County Considers Budget Cuts
January 25, 2011
In a special budget committee meeting on Monday, the principal administrative analyst for Monterey County presented on Governor Jerry Brown's proposed $12.5 billion in cuts and their impact on the county. "On the whole, the budget relies heavily on solutions that impact counties and the residents they serve," according the budget committee preliminary report.
In the budget meeting, County Supervisor Lou Calcagno, who serves on the budget committee, said, "If [the governor] can't run the programs and pay for them, then how can he expect the counties to pay for them? Then all the counties will go bankrupt, and the state will look good...Something's got to give. We've either got to be a whole lot more efficient, or we'll have to cut."
Brown's proposal shifts $5.9 billion in program responsibilities from the state to counties in the coming fiscal year, known as "realignment funding."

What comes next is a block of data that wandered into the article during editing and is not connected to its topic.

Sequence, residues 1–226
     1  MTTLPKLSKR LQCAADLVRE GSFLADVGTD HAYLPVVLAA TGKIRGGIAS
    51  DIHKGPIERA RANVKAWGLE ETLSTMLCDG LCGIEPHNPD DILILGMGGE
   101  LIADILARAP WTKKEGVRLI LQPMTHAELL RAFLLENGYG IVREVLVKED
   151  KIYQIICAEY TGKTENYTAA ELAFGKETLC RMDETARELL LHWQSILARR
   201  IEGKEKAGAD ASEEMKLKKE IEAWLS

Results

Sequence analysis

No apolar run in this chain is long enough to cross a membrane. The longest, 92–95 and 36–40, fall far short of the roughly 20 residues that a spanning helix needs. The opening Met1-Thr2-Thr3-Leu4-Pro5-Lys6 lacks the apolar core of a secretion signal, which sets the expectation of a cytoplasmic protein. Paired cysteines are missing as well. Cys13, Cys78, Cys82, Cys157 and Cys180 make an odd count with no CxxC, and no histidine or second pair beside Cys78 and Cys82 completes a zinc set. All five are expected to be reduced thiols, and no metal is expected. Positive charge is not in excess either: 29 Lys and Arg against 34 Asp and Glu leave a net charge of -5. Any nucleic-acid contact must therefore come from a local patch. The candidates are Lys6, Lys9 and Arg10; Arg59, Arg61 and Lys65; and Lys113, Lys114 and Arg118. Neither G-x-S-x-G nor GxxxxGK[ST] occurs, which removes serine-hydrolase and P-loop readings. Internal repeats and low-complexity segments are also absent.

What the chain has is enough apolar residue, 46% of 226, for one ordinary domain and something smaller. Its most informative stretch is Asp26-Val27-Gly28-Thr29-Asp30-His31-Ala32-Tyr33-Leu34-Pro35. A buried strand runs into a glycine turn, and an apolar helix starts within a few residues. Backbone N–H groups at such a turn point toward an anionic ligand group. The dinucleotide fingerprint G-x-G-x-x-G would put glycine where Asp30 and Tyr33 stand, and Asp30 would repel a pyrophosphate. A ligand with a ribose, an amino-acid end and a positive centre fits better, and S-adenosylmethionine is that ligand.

Among the programs proposed for realignment is local public safety, including funding for CalEMA, probation, and the Juvenile Justice Crime Prevention Act, which amounts to about $4 million in the county.
For Monterey County, Brown's proposed realignments would mean an $8 million hit for mental health services and $1 million in state funding to the Department of Alcohol and Drug Programs that administers prevention and recovery services.
Gov. Brown proposed a special election in June to ask voters for a five-year extension on current tax increases on sales tax, vehicle license fees, and personal income tax. If voters reject the increased tax measures, Brown has said, "Look at the amount of proposed cuts and multiply by two." In 2009, voters rejected a similar measure. County budget analysts predict the election will cost $800,000 for the county, with no indication from the state that it will offer reimbursement.
Calcagno concluded by saying, "It's probably all doom and gloom, but opportunity comes from doom and gloom. We'll all survive, but it's going to be a drastic change in our culture of doing business."